Block a bill? Biden wants old-school Senate filibusters

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President Joe Biden sits next to a bowl of Irish shamrocks, left, as he has a virtual meeting with Ireland's Prime Minister Micheal Martin on St. Patrick's Day, in the Oval Office of the White House, Wednesday, March 17, 2021, in Washington. (AP Photo/Andrew Harnik)

WASHINGTON – President Joe Biden wants the Senate to engage in old-fashioned filibusters, forcing senators who try to block bills to have to stand and talk for hours, as happened in Hollywood movies and during the civil rights era, if they want to object to his legislative agenda.

It would be a dramatic shift for the Senate, a throwback, embraced by leading Democrats in the 50-50 chamber who are looking for ways to prevent a Republican blockade of Biden's priorities.

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Requiring a “talking filibuster” would force senators opposing a bill to make their case, rather than simply signal objections, but it could also grind the Senate to a halt and turn deliberations into a made-for-TV spectacle with political fallout for all sides.

Biden's backing gave a boost Wednesday to centrist Sen. Joe Manchin, D-W.Va., who has suggested a similar approach, but leading senators said they're not quite ready to make any quick changes.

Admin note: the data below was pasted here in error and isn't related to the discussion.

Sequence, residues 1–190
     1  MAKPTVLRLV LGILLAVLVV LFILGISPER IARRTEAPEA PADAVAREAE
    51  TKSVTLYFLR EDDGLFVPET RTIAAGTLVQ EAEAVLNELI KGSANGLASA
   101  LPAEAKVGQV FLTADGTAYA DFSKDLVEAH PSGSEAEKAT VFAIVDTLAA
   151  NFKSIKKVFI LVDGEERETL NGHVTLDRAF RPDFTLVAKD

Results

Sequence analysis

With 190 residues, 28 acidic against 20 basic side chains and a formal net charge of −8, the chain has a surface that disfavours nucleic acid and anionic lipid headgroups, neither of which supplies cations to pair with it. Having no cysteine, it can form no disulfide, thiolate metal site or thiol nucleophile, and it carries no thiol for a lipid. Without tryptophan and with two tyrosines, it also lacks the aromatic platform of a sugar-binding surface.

“I don’t think that you have to eliminate the filibuster. You have to do it what it used to be when I first got to the Senate back in the old days,” Biden said in an interview with ABC News’ George Stephanopoulos. “You had to stand up and command the floor. You had to keep talking.”

The filibuster question is expected to hover over this first year of Biden's presidency. Fresh off passage of Biden's $1.9 trillion American Rescue Plan, Democrats who control the Senate will face challenges passing the rest of their priorities. While the House is able to approve bills swiftly, the rules of the Senate are more cumbersome. A single senator can now signal an intent to filibuster, setting a 60-vote threshold to advance most legislation.

There are political risks and rewards at play, and Republican leader Mitch McConnell has vowed a “scorched earth" payback if Democrats change the rules to fully eliminate the filibuster.

For now, Democratic senators want to show Americans what they're up against by bringing forward potentially popular proposals the House has already passed, including bills to expand voting rights and background checks for gun purchases, and forcing Republican opponents to articulate the case against them.

Sen. Dick Durbin of Illinois, the majority whip, said, “This is a process." He said it was important to demonstrate to those skeptical of the rules changes "how the rules can be used and abused before we go any further.”

Senate Democratic leader Chuck Schumer said Wednesday that “all options are on the table."

McConnell baited Democrats into the filibuster debate by issuing a stark warning this week that he would make sure the Senate all but ceases to function if Democrats eliminate the filibuster.

“Let me say this very clearly for all 99 of my colleagues: Nobody serving in this chamber can even begin — can even begin to imagine — what a completely scorched-earth Senate would look like,” he said Tuesday.